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Town considers hiring deputies to fill
Police shortages

Chris Patterson
The Gazette

(10/6/2004) Thurmont town officials have asked the Frederick County Sheriff's Office for information about using resident deputies to temporarily fill shortages in the town's police department.

The Thurmont Police Department is understaffed by five officers, and has only been able to hire one officer in about a year, despite numerous attempts.

Resident deputies are used in some municipalities that do not have their own police departments. The officers would be contracted by the town and report to the town on police activity, but would still be employees of the Frederick County Sheriff's Office.

All six Thurmont police officers signed a six-page letter that called the staffing problem a "crisis," and sent it to the town mayor and commissioners last week. Police Chief Terry N. Frushour did not sign it.

The letter, obtained by The Gazette, condemns the decision to hire two resident deputies at a cost of $170,000 per year.

"At the end of the year ... the department will still be facing the same problems it has now regarding adequate facility and competitive salaries," the letter states.

The officers suggested that recruiting and retaining new officers would be more successful than hiring deputies. The letter suggests the town increase officers' pay, and improve the department's space and the officers' working conditions.

A recruit's starting salary in Thurmont is around $26,000, according to a pay scale chart in the letter.

Town officials have discussed openly during the last year many failed attempts to hire new officers to the town department.

The officers' letter states that 54 applications were received and four major attempts to hire police officers were made in the last year. Of those attempts, only one successful hire resulted. A few others are still in the process.

Mayor Martin Burns, who said he has seen the letter, said the board agrees that the situation is a crisis, which is why the commissioners decided to pursue resident deputies.

Burns said the department will continue to be without five officers for at least eight months, which is how long it will take to train new officers and get them on the streets.

Looking into hiring sheriff's deputies was not intended to threaten the officers' job security, but rather to help them in a time when they are swamped, he said. It would allow them to take vacation time, get training and go to court without leaving the department more short-handed than it already is.

But in the end, Burns said he didn't care if the officers were upset because the decision was made to protect the town, which is the board's responsibility.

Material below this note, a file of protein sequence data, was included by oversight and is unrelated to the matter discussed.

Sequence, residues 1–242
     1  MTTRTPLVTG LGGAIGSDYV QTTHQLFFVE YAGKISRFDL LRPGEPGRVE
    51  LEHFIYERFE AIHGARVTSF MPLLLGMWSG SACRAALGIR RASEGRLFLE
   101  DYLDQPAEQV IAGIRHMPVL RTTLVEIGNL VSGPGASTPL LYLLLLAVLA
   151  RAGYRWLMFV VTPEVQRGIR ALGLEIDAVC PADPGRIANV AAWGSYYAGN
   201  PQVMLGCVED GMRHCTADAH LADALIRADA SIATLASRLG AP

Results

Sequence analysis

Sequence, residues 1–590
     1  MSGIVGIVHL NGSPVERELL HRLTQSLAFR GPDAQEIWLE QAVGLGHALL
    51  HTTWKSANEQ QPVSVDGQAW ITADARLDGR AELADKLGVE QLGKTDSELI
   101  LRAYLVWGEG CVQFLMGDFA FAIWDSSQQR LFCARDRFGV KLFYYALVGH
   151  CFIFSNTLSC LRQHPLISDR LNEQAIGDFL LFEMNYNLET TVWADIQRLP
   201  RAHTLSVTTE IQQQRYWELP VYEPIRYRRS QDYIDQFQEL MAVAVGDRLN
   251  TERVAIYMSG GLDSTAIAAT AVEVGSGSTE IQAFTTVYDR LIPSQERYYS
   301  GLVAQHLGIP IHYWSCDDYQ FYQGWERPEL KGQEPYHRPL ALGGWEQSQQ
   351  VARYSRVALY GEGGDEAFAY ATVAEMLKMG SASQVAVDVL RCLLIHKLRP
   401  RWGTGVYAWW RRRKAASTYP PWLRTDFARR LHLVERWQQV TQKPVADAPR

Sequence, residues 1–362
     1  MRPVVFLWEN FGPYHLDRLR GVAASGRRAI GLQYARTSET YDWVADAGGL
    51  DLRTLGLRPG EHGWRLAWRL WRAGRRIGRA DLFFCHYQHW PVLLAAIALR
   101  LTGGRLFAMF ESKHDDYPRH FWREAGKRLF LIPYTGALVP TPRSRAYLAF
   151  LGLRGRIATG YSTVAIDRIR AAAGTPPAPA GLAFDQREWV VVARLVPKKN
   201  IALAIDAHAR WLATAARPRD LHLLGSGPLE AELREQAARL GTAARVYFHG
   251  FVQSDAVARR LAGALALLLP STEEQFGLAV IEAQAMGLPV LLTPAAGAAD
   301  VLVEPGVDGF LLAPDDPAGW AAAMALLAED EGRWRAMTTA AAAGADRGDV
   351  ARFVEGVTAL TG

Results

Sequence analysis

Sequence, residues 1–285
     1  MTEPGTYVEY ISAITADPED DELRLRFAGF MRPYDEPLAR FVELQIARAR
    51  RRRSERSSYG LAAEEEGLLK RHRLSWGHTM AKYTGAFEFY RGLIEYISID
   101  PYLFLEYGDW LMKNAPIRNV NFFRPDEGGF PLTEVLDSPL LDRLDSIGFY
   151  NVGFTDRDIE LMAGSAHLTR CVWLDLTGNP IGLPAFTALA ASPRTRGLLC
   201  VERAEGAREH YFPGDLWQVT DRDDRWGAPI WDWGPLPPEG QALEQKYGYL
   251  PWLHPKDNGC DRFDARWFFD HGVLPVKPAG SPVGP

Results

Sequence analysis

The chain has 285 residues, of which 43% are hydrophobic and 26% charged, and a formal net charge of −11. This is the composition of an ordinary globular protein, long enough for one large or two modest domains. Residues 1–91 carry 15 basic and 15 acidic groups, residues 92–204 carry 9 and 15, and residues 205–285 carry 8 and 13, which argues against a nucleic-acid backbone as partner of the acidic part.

Commissioner Ronald Terpko said the town's Police Commission is working on facilities concerns for the department, and will consider salary and benefits questions later. He said the board did not intend to replace any town officers with the deputies, but only fill a temporary void.

"I think some people are just jumping the gun. As a board of commissioners, we are responsible for providing a police department to the town. Attempts have failed throughout the years. Even if the income and salaries were increased tomorrow, it would almost take a year to get a new officer in," Terpko said. "Everyone thinks things can be done overnight and they can't, unfortunately."

Terpko said that as far as he knows there has been no discussion about replacing the department with sheriff's deputies. Burns said he would not entertain the question because any decisions of that nature were about personnel, and were therefore protected communications.

Frederick County Sheriff James Hagy (R) said he understands why the Thurmont officers would be concerned about their livelihood, and even expressed concerns to Thurmont Chief Frushour about that when they spoke recently.

But Hagy said those fears could be allayed. Because the two departments have worked closely over the years and he and Frushour have known each other for so long, he thinks the relationship could be worked out on a temporary basis.

He said his office would do whatever it can to help the town.

"It will require a lot of planning and conversation, of course, but I believe it's doable. I've known Terry [Frushour] ... a very long time and it helps to have that kind of relationship," he said.
 

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